No discussion about lean manufacturing would be complete without including Henry Ford. While Ford did not invent the automobile, he revolutionized the way they were manufactured. Ford is often given credit for conceiving the assembly line, and rightly so. Ford’s real genius and most significant contribution to lean manufacturing was transforming the flow of production. You could not have described any processes of manufacturing as flowing prior to Henry Ford. His gift to all future manufacturing generations was interchangeable parts and what we now think of as standardized work. He then introduced conveyance to the mix, and mass production was born.
It’s interesting to note that many of the well-known Japanese names we credit with advancing Lean Manufacturing (Eiji Toyoda, Taiichi Ohno, Kiichiro Toyoda), actually began their lean journeys by studying American manufacturing. Including visiting Ford plants in Michigan after the Second World War to learn about the production processes Ford instituted. They were also especially interested in the statistical quality control practices pioneered by William Edwards Deming, which were almost completely disregarded by American industry.
Taiichi Ohno is considered to be the father of the Toyota Production System. He combined and integrated "Just in Time’"Manufacturing, Kaizen (Continuous Improvement), Poka-yoke (Mistake Proofing), Eliminating Waste (seven distinct types of waste), and Kanban (level loading production volume).
Waste encompasses far more than scrap product alone. In lean production, waste can be found in at least these seven ways:
Inventory: Excess inventory that’s held in case of drastic increase in demand, quality issues, or inability to run production lines. This leads to costs in storage and often product spoilage or depreciation.
Waiting: If waiting is occurring at any point in the process, this is a form of waste. A machine breaks down, approval needs to be given, or material is needed in order to produce are all examples of waiting.
Defects: Wasted material in form of scrap, or wasted product due to quality or other defects are examples of defects. The resources needed to rework product is a form of waste resulting from defects.
Overproduction: Producing unnecessary product (product that a customer isn’t willing to pay for) leads to other forms of waste. Overproduction leads to transportation of those products, excess motion, waiting, and inventory, etc.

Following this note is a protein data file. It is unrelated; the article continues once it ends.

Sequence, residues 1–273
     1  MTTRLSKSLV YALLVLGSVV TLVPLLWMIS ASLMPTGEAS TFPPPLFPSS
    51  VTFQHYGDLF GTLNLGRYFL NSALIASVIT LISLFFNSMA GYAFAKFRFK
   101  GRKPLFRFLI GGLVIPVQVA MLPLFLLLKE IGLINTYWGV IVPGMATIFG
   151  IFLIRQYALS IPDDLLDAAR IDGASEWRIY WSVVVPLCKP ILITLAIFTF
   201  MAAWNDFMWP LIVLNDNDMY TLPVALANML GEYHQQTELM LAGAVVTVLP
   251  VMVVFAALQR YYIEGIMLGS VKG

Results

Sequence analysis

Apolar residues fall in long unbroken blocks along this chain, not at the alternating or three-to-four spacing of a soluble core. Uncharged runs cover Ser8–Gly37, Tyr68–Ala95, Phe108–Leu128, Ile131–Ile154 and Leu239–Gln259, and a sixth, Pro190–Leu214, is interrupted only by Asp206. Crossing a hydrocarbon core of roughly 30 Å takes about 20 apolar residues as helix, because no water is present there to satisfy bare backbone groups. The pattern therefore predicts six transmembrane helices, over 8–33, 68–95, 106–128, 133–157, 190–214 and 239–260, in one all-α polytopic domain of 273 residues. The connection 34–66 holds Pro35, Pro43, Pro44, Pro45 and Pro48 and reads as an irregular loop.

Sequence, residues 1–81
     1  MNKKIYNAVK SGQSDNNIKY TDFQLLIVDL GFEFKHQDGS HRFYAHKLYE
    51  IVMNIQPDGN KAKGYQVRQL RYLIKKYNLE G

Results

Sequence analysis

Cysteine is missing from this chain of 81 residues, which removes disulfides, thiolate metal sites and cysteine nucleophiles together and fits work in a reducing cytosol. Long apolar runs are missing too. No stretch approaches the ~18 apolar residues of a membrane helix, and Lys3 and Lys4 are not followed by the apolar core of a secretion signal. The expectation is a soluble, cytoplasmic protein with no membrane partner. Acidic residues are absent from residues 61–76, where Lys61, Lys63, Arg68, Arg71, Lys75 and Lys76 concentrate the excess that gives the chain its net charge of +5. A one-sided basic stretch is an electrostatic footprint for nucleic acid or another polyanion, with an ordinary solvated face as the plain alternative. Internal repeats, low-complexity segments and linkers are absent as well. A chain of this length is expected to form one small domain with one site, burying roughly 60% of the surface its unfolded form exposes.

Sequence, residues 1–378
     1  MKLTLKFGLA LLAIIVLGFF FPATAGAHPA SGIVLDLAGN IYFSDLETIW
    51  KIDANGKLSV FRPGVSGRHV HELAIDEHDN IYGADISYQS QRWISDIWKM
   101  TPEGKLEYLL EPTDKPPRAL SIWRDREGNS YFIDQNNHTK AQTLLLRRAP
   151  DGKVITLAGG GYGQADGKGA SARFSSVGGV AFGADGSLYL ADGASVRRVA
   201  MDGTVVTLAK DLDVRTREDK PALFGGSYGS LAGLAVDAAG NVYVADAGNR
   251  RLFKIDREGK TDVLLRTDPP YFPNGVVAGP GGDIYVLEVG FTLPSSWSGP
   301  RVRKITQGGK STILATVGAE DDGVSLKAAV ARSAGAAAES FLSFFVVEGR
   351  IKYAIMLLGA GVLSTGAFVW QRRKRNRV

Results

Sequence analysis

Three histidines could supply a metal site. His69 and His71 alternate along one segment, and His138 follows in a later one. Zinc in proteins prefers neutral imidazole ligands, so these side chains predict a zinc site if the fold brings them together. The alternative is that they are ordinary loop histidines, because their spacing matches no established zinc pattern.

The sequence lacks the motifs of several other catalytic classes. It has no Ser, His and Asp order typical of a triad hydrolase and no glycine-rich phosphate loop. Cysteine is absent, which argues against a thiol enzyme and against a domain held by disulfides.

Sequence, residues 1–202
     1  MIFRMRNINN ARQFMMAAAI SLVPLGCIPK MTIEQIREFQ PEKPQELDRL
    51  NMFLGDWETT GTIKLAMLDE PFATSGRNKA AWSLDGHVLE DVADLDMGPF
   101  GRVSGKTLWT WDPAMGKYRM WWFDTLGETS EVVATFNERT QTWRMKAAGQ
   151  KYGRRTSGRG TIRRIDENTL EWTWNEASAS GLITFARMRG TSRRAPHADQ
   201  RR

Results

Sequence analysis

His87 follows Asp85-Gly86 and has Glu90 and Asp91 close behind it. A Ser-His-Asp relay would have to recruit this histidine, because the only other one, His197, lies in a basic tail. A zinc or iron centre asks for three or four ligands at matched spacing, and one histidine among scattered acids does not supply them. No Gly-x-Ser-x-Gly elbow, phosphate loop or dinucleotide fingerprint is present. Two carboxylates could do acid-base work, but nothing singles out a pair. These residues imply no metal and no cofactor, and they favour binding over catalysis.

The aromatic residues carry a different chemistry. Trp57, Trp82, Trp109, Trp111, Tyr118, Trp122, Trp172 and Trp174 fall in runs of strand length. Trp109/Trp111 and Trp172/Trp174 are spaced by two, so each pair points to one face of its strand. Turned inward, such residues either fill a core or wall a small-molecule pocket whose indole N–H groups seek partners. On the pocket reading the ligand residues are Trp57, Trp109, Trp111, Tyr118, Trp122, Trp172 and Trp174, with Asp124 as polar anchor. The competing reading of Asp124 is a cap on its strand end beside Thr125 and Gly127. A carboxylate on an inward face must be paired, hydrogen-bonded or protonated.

Over-processing: This comes in the form of doing work on products that doesn’t add value to the product. To add features or components to a product that nobody will likely pay for or use is over-processing.
Motion: Wasteful or inefficient movement by people or machinery. This leads to longer production times and wear and tear on your people. Making all movements minimal and efficient is the key to beating this form of waste.
Transportation: Unnecessary distance traveled by product or people, that is not value added to the product. There’s also a real cost to the equipment, time, and space used during transportation.
Common examples of waste are all of the following and more:
Unnecessary steps, whether they are part of a process or unnecessary physical steps.
Unnecessary movements; expending more energy, time, and resources than necessary to accomplish tasks.
Unused materials are waste; buying 10-foot lengths of material when what you really need are 8-foot lengths, resulting in 2 feet of unusable rem (remnant) material.
Asking people to perform work for which they have not received training is waste.
Constantly changing priorities is waste, especially if changing over between products is not efficient.
Paying expedited freight charges
Waste can even be asking people to perform three tasks at the same time. It's along the lines of no one being able to serve more than one master. Attempting to tackle three things simultaneously means all three things suffer and no one job gets the full attention it deserves. I could go on and on. (*Note how many of these examples of waste include ‘un’ somewhere.)